Further to this point, from the perspective of aesthetics, what does it even mean to own an item from a legacy luxury house? I interned at the Céline fabric department towards the end of Phoebe Philo’s tenure there in 2017. I remember seeing how clear of a vision had been constructed, from the material selections my seniors made, to silhouette sketches, the finishes on the accessory hardware, to the objects and furniture dotted around the studio (for which there was a department too). It was all curated with an impressive precision. I then recently visited the Celine store on Mount Street, which now holds Hedi Slimane’s collections. Whilst some of Philo’s most successful accessory designs have been carried over into the new epoch, the air had moved from minimal, aloof power dressing to a playful, rocker identity
I distinctly remember thinking the Philophile Céline woman must have been so confused. This is all to say neither of these directions reflect what Céline Vipiana, the namesake and founder of the house, had begun her vision with. For this reason it can be hard to understand a legacy brand due to the variety of narratives it has been given – often the result of investor and capital led decision makers for the purposes of commercial viability.
By giving a fashion house a limited life span as a sustainability strategy, would we see more purpose and clarity in design direction? Perhaps more honesty and intention with what they are trying to say and who they really are? Demna Gvasalia co-founded Vetements as a result of “being bored” of the system, with the intention of subverting high fashion with clothes for the ordinary person. Gaining much acclaim and ironically landing him the berth of Creative Director at Balenciaga, he left Vetements content that he had achieved his “mission of a conceptualist and design innovator.” 3
On a more philosophical level – longevity in this instance begs the question, who are we to play god? Throughout the story of mankind, leaders and colonists have been obsessed with the notion of keeping lineage in power, continually making their mark. However, in fashion, some of the most beautiful things that we still reference are from the designers who were greatest in their fleeting moment in time, from Madame Gres to Roberto Capucci. There is something quite poetic and also logical about a brand having a human life cycle, as that aids the idea that a brand truly is living its vision alongside us in that era. It also gives us a chance to re-evaluate what isn’t working on a regular basis so this knowledge can be carried forward to new brands as was the case at HonestBy; it is often easier to set a precedent upon inception than to change tactics within an established structure.
This model of a goal directed brand does not fit in as a foolproof method for all. It takes a different process to set up a company for a temporary life in terms of staffing, marketing, and leadership structures. As is the case with Bruno Pieters, his built reputation through his time at Hugo Boss and his eponymous label gave him a platform to build something that was in a sense, against the grain. Creatively, there is also no crime in evolving – it is essential for culture that we do so but with intention beyond global commerciality. As larger movers and shakers adopt this new idea, it opens a gateway for the rest to follow and benefit. Both consumers and designers will work closer together in the future as transparency grows, and this model could be a part of the key towards a fashion industry that pushes aesthetics and culture, as well as respect for our resources and planet symbiotically.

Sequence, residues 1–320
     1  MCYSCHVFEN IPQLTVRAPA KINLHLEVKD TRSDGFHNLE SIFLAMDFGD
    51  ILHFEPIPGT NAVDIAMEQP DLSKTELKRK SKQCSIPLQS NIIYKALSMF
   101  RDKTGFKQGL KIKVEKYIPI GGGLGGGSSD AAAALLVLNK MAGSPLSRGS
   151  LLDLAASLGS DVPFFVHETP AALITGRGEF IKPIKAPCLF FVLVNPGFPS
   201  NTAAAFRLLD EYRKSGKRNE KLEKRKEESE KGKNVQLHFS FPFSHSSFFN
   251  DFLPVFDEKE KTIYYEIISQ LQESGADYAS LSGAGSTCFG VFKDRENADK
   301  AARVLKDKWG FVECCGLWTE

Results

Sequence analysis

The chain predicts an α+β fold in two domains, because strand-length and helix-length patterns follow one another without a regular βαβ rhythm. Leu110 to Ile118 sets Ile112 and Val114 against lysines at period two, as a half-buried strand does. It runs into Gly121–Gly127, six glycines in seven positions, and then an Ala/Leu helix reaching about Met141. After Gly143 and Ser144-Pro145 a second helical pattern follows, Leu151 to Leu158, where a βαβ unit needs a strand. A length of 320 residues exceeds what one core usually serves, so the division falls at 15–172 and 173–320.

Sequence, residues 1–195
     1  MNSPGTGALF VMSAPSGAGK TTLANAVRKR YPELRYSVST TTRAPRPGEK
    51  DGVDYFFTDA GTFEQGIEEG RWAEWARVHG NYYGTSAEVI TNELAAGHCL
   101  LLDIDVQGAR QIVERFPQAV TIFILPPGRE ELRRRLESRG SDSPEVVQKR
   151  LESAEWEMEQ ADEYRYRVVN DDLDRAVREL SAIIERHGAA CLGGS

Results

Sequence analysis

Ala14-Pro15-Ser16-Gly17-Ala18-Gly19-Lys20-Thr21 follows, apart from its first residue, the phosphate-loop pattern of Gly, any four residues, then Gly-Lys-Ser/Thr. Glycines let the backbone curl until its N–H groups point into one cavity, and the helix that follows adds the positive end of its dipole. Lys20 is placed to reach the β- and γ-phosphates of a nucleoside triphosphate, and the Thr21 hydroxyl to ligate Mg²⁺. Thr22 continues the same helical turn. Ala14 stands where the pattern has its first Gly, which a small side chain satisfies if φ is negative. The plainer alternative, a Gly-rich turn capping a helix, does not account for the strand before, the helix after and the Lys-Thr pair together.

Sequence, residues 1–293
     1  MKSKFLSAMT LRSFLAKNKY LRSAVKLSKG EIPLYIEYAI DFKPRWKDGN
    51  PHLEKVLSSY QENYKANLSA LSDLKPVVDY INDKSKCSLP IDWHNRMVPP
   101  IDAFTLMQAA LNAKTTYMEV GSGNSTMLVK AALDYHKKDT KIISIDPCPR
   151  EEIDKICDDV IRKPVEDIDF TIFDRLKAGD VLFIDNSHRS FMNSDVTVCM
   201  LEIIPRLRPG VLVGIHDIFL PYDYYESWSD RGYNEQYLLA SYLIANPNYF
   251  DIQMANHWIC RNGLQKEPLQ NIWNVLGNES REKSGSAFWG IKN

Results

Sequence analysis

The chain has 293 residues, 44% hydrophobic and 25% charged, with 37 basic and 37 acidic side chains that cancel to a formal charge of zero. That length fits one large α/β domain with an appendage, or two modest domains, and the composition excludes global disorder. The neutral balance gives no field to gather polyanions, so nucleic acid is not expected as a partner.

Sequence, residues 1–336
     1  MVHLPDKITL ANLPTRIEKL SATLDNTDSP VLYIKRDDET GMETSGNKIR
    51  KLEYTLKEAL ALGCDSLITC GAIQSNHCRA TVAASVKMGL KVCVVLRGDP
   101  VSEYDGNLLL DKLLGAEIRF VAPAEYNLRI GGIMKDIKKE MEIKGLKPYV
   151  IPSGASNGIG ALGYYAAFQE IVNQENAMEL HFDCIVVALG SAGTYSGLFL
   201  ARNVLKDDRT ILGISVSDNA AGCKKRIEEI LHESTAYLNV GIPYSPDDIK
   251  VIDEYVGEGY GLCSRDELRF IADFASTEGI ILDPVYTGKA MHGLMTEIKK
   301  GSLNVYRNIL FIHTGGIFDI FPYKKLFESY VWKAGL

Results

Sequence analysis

1 About: Fashion Revolution [https://www.fashionrevolution.org/about/]
2 Instagram Post: HonestBy (@honestby_official) 8 October, 2018 [https://www.instagram.com/p/BoqdTqTFaCR/]
3 Hore-Thornburn, Isabel ‘Demna Gvasalia is leaving Vetements to “Pursue New Ventures” High Snobiety, 16 September, 2019 [https://www.highsnobiety.com/p/demna-gvasalia-leaves-vetements/]
Borromeo, Leah ‘Bruno Pieters’ HonestBy: a fashion label built on transparency’ The Guardian, 8 November 2013 [https://www.theguardian.com/sustainable-business/sustainable-fashion-blog/bruno-pieters-honest-by-fashion-label-transparency]
Fashion Revolution, 4 May 2020 [https://www.fashionrevolution.org/]
Fedorova, Anastasiia ‘Demna Gvasalia – 10 ways the Vetements founder revolutionised fashion’ The Calvert Journal, September 2016 [https://www.calvertjournal.com/features/show/8157/new-east-100-demna-gvasalia-vetements-georgian-fashion-balenciaga]
Flux Magazine, ‘ Honest By – Flux Interviews Bruno Pieters’ 7 March 2012 [ https://www.fluxmagazine.com/honest-by-bruno-pieters-interview/#]
Fury, Alexander ‘The label Vetements is the most radical thing to come out of Paris in a decade. So what’s the big idea?’ The Independent, 16th October 2015 [https://www.independent.co.uk/life-style/fashion/features/the-label-vetements-is-the-most-radical-thing-to-come-out-of-paris-in-over-a-decade-so-whats-the-big-a6692211.html]
Hore-Thornburn, Isabel ‘Demna Gvasalia is leaving Vetements to “Pursue New Ventures” High Snobiety, 16 September, 2019 [https://www.highsnobiety.com/p/demna-gvasalia-leaves-vetements/]
Noël, Aya ‘Bruno Pieters: Reinventing the system through honesty’ 1Granary, 25 April 2017, [https://1granary.com/interviews/designers/bruno-pieters/]
Tudor, Elisabetta ‘ Honest Man’ Vogue UK, 7 March 2012 [https://www.vogue.co.uk/article/bruno-pieters-launches-honest-by-label]